The present report showed the changing etiology of LC in Japan. To assess the recent real-world changes in the etiologies of LC in Japan, we conducted a nationwide survey in 2018 and the results were compared with those of the 2008 survey. Although nationwide surveys have been conducted in JSH annual meetings, these surveys have been sporadic and have had their own diagnostic criteria . This is the first study in which nationwide experts referred to the same criteria and determined the transition in the etiologies of LC in Japan. Our results suggested a recent change in the etiology of LC, with a decreased contribution of hepatitis virus-associated LC and an increased contribution of non-viral LC.
Regarding the etiologies of LC (Fig. 3), the total ratio of viral hepatitis-related LC was > 60%. When our results were compared to those in 2008, HBV-related LC and HCV-related LC decreased from 13.9 to 11.5% and 60.9 to 48.2%, respectively. The ratio of non-viral LC increased, the ratio of LC due to ALD increased from 13.6 to 19.9%, and that of NASH-related LC also increased from 2.1 to 6.3%. In addition, cholestasis-related LC increased slightly from 2.7% (PBC 2.4% and other cholestasis 0.3% in 2008) to 3.4%, and AIH also showed a small increase from 1.9 to 2.7%. These findings suggested a decreased ratio of viral hepatitis-related LC and an increased ratio of non-viral LC in Japan.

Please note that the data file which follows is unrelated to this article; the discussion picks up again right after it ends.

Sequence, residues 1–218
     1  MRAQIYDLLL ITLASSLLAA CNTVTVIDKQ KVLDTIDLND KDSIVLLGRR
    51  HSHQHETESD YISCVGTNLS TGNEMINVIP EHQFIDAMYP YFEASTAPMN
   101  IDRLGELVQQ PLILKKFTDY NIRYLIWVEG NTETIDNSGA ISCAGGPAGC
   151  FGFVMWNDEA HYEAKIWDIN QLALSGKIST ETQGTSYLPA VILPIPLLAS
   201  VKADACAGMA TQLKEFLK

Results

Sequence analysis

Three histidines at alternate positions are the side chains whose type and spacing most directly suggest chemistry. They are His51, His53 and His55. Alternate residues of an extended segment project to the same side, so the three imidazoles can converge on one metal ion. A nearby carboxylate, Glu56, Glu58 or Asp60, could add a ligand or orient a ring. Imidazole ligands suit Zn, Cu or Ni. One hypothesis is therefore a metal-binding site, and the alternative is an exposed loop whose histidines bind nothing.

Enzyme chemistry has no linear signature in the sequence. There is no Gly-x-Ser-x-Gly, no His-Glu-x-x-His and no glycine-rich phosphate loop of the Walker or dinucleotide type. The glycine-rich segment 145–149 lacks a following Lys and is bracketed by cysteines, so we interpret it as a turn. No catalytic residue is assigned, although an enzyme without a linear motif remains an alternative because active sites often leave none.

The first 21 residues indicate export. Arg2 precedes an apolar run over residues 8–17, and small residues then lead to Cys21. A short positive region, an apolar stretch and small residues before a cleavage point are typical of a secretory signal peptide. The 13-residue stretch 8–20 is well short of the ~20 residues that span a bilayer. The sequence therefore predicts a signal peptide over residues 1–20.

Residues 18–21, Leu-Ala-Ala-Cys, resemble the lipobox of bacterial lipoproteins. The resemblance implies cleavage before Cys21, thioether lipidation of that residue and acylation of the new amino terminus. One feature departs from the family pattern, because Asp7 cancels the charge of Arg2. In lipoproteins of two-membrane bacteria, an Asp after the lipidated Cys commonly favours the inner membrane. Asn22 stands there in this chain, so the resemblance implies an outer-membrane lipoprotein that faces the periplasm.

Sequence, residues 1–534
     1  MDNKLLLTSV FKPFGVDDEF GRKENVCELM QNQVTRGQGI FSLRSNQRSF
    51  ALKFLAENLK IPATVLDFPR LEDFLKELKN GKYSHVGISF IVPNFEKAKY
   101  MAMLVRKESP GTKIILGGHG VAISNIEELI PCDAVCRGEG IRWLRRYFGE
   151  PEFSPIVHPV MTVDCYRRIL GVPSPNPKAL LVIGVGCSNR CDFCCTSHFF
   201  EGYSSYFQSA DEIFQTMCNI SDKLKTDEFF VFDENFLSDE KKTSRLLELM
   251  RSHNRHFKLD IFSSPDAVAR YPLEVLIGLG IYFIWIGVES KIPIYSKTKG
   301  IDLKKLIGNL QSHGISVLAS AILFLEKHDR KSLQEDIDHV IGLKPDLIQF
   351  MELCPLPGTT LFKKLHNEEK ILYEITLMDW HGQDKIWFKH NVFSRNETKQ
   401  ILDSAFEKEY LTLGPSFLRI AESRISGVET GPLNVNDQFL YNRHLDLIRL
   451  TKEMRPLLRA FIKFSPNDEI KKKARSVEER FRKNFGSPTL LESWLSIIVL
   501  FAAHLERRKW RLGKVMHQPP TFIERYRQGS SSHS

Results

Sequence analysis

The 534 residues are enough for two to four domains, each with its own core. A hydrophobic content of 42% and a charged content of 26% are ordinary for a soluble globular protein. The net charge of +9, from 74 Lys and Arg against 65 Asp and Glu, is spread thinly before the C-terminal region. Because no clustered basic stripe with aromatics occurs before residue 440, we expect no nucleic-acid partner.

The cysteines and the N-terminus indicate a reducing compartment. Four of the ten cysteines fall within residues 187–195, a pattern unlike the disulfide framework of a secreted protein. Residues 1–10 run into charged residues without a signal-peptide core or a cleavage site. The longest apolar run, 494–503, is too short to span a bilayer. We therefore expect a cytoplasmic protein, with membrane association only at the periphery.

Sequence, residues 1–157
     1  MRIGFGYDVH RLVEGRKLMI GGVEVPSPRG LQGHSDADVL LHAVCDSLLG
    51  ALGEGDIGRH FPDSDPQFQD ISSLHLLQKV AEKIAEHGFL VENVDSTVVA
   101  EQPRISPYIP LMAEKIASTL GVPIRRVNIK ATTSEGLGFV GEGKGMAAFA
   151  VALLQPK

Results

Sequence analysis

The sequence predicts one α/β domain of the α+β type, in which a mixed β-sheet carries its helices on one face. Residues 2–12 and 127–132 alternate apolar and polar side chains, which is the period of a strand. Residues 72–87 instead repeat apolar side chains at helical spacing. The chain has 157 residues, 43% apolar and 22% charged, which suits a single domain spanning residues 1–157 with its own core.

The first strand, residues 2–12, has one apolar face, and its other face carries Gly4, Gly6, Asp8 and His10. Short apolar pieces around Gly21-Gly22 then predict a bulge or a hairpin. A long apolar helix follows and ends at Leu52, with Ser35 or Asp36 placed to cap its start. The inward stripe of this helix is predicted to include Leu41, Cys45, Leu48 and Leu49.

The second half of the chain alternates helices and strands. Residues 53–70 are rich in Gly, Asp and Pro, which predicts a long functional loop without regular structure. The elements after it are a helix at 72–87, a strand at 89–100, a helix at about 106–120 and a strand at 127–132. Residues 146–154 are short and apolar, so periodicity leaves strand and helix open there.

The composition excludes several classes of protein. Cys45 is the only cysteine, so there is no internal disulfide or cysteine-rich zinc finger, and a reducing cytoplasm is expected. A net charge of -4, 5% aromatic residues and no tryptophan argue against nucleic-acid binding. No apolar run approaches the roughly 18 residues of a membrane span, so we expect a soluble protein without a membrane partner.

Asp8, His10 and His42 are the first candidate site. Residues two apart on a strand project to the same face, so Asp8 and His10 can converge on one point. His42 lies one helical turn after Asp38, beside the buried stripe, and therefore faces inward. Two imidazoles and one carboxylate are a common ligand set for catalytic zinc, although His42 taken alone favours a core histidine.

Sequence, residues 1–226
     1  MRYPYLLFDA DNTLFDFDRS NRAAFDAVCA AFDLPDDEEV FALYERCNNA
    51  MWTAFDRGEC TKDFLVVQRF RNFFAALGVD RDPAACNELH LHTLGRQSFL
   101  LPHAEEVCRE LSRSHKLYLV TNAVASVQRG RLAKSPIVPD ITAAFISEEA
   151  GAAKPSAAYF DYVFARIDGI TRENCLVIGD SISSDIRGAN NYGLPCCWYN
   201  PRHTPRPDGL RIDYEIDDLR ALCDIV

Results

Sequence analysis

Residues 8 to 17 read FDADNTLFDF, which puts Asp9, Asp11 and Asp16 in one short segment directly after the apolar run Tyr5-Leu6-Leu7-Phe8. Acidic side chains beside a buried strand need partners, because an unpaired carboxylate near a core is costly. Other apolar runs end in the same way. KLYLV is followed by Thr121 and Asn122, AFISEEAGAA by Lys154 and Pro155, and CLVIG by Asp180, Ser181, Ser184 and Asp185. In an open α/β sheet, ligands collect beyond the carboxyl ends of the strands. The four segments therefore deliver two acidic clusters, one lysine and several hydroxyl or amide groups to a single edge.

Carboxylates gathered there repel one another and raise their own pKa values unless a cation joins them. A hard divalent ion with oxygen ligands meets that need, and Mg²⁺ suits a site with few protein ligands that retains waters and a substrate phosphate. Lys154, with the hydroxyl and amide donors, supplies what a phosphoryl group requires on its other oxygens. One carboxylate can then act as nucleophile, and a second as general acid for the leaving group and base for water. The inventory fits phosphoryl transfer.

The data of the present study were generally consistent with the results of the 2008 survey. Regarding the LC patients diagnosed before 2008 in the current study, the ratios of HBV-related LC (13.7%), HCV-related LC (58.6%) and NASH-related LC (2.0%) were similar to those of the previous survey (HBV-related LC, 13.9%; HCV-related LC, 60.9%; NASH-related LC, 2.1%) ; however, the ratio of cryptogenic LC patients diagnosed before 2008 (5.6%) was higher relative to the 2008 survey (3.0%) . One possible explanation is that differences in the participating institutions influenced the results. Additionally, we have to note that each survey had its own classifications for LC patients, particularly for non-viral LC patients. The survey in 2008 classified non-viral LC into 10 categories, while the current study classified non-viral LC into nine etiologies. Thus, methodological differences between the two surveys might have somehow been involved in the discrepancy.